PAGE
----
But you know what? I prefer that. I’d prefer a small but great selection of big, smart fish with a lot to offer, over a giant selection of sexually charged fish who can’t spell.
Unless, of course, I’m reading this all wrong. If the name actually refers to the number of photos of proud shirtless boys in camo baseball caps holding fish, there are indeed plenty of those.
Happn is one of the ones with the more ambiguous dating app reputations. It’s not specifically for hooking up or serious relationships. It’s for missed connections, which actually makes it a lucrative choice for a lot of people.
Picture this: you’re standing in a coffee shop next to an attractive stranger. He grabs his coffee, smiles at you, and just LEAVES. Devastating. Well, if you have Happn, it doesn’t have to be! Just open it and see who you have “crossed paths with”. If he has the app, all is not lost. The downside is that if he doesn’t have the app, all is still lost. And unfortunately, this isn’t a mainstream app that everyone has yet.
In fact, that’s my biggest complaint about this app– there aren’t enough users. I cross paths with the same three guys I went to high school with every time I drive past their houses. It’s a great idea, but their marketing team needs to step up their game.
Something else I don’t love is that this game they send me push notifications about all the time. They give you four guys and ask you to guess which one has liked you already. But when you guess correctly, it matches you with that person! I think that’s a little misleading. Believe me, the person I want to match with is not always the person I think matched with me.
Takeaway: great idea, poor execution.
OkCupid is the app I use most aside from Tinder, and the one that gets me the most dates and good conversations. Essentially, it’s a much better version of Plenty of Fish.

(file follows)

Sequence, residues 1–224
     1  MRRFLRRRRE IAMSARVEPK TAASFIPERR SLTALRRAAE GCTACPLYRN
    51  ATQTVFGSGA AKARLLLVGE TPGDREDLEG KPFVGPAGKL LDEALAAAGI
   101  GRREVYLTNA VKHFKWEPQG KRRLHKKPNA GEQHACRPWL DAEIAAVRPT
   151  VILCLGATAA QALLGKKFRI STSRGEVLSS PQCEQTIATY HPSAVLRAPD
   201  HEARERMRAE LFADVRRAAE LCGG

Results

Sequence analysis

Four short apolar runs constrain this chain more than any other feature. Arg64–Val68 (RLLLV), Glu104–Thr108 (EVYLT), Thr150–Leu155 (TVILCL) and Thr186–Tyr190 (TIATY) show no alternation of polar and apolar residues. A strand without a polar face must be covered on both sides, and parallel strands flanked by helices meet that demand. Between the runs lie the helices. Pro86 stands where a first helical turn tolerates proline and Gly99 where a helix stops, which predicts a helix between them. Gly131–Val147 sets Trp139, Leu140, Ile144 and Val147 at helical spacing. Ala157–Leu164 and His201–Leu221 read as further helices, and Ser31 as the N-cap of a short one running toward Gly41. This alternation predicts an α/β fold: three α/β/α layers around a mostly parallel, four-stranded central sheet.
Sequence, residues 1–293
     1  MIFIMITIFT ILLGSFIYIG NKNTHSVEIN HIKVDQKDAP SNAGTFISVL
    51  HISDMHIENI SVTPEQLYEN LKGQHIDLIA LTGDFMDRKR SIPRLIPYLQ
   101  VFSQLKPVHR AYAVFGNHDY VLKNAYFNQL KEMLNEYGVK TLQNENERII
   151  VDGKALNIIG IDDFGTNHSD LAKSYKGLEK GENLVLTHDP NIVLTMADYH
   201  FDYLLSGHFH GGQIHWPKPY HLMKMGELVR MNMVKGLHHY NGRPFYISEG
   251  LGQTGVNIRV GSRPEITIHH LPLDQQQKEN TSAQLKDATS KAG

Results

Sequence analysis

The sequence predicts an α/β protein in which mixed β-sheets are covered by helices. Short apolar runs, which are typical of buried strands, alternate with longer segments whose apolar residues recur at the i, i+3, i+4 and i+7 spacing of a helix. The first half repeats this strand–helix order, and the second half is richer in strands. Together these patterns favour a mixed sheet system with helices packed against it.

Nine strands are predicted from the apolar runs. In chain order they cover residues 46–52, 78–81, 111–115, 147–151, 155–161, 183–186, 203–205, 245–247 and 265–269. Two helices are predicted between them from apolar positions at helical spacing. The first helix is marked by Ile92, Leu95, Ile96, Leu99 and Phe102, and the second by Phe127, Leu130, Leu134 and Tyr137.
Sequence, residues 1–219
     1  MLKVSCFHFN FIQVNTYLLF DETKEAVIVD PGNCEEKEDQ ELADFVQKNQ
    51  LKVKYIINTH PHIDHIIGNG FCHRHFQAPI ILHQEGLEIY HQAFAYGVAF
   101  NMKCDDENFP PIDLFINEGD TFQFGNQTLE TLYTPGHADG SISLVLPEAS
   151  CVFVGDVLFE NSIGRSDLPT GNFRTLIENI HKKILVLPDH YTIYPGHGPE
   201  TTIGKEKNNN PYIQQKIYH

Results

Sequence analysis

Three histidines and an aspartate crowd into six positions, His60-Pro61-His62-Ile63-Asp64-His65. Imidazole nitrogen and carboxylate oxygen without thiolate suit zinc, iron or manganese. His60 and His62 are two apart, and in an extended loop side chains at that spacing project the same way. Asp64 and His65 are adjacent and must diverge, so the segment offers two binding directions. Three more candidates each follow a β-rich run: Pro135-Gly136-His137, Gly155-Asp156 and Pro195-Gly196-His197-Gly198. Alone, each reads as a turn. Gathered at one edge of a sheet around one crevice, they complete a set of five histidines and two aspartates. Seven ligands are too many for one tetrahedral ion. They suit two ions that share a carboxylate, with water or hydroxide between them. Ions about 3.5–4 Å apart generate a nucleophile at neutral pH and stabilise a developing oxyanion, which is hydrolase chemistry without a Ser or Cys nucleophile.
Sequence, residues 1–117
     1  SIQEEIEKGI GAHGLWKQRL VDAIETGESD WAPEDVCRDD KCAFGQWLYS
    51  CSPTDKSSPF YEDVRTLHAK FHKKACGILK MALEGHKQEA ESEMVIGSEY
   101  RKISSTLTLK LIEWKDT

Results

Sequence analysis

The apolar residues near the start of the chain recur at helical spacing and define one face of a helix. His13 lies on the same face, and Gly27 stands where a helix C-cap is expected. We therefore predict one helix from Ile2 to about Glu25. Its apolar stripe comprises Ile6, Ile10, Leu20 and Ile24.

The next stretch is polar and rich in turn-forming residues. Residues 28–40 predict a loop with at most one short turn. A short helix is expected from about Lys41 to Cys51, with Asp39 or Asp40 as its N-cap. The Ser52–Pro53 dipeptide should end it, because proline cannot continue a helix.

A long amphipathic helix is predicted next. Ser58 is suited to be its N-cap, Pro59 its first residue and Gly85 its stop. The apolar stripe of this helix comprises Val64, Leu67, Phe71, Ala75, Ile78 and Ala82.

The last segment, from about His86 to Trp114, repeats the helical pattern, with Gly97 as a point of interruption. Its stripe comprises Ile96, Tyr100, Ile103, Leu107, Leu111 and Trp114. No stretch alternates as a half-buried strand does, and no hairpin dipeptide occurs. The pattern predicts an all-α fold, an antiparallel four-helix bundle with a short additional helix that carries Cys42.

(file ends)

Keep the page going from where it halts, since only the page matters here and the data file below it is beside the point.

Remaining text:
OkCupid is another that proves dating app reputations can be ambiguous, because it allows you to choose what type of relationship you’re looking for. In fact, you have lots of control over your matches on OkCupid, which is why I like it so much. They do have a swipe feature like Tinder, but it includes your match percentage with the person as well as their photos. There are hundreds of questions you can answer to make that match percentage more accurate. People can message anyone they want, but the object of your affection won’t answer unless you’re a match via the swipe feature. I think it nicely balances the best features from many of the apps.
Hinge’s claim to fame is that it uses your Facebook friends to facilitate connections, and that it’s the app that’s “designed to be deleted”. And it seems to be working! They claim that they’re the #1 most mentioned dating app in the NY Times wedding section.
The way it works is that you can browse everyone, or you can browse who has already liked you. But people have to choose something specific on your profile to like or comment on. And they have a lot of interesting prompts that act as conversation starters, such as “best halloween costume,” or “my dream job if money didn’t matter”. However, I find that people often just “like” the responses rather than commenting on them, which puts the ball in your court. For someone like me, who isn’t necessarily looking for a serious relationship, this doesn’t often go anywhere because I’m not invested enough to make that first real move.
So, in terms of dating app reputations, Hinge is for serious relationships, or people who are comfortable making the first move. And personally, I’ve noticed a lot more cute guys on Hinge than some other apps, so if you’re looking for a serious relationship with a ten, I’d say Hinge is a good bet.
The League actually brings a whole new meaning to dating app reputations. Seriously, it’s all about reputations, and it’s very selective.
When you sign up, you’re automatically put on a waiting list. Of course, you can pay to move up more quickly, but you don’t have to. The list moves when they kick users out for being inactive, or if they’re caught trolling for one-night stands. They also accept based on creating a balanced and diverse community. In that way, I think the app is great. I like that they thoroughly vet their users and make sure people are using it for it’s intended purpose. However, I do sometimes think they focus a bit too much on appearances.
The fact that the app is called The League makes it sound a little elitist to me. And they ask you for your LinkedIn profile, which to me, means they’re looking at what you do and who your connections are. For a lowly little intern like me, it doesn’t bode well.